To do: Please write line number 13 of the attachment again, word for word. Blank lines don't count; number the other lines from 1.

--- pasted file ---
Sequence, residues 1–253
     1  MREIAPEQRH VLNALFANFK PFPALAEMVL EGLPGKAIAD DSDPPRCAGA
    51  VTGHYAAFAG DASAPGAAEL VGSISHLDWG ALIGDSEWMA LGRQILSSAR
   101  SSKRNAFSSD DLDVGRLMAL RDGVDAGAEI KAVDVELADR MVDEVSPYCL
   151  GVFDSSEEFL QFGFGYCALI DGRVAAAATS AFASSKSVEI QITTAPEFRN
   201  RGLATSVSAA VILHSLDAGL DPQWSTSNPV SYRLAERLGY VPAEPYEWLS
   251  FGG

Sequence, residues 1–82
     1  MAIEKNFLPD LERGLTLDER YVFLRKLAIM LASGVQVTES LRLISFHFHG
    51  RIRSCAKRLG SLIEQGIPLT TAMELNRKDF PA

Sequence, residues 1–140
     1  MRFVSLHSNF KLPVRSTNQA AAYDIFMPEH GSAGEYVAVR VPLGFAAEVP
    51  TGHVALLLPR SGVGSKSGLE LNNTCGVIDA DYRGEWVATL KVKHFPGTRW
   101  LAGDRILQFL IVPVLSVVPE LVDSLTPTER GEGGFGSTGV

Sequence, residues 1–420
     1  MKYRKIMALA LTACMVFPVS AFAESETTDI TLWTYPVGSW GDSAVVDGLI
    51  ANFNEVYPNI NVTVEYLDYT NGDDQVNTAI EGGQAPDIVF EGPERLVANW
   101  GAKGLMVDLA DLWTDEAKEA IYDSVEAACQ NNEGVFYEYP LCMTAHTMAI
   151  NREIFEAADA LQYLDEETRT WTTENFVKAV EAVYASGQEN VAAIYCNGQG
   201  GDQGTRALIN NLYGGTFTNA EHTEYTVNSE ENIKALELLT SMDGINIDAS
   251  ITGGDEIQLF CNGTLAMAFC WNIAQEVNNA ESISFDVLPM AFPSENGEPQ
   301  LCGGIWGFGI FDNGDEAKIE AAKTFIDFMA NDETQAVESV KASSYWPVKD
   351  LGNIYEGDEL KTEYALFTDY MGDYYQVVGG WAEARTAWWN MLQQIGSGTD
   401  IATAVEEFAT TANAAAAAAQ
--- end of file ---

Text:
    51  TGHVALLLPR SGVGSKSGLE LNNTCGVIDA DYRGEWVATL KVKHFPGTRW